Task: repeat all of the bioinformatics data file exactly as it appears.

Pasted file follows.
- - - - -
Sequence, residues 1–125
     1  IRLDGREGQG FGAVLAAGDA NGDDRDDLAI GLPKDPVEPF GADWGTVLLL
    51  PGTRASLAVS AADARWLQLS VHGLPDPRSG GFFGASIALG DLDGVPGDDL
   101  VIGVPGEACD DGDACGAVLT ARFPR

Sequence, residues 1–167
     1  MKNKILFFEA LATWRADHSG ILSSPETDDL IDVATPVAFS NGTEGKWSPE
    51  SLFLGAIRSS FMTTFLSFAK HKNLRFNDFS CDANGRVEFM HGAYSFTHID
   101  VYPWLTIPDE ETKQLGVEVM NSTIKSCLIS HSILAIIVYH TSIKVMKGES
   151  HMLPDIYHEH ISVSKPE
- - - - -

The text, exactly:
Sequence, residues 1–125
     1  IRLDGREGQG FGAVLAAGDA NGDDRDDLAI GLPKDPVEPF GADWGTVLLL
    51  PGTRASLAVS AADARWLQLS VHGLPDPRSG GFFGASIALG DLDGVPGDDL
   101  VIGVPGEACD DGDACGAVLT ARFPR

Sequence, residues 1–167
     1  MKNKILFFEA LATWRADHSG ILSSPETDDL IDVATPVAFS NGTEGKWSPE
    51  SLFLGAIRSS FMTTFLSFAK HKNLRFNDFS CDANGRVEFM HGAYSFTHID
   101  VYPWLTIPDE ETKQLGVEVM NSTIKSCLIS HSILAIIVYH TSIKVMKGES
   151  HMLPDIYHEH ISVSKPE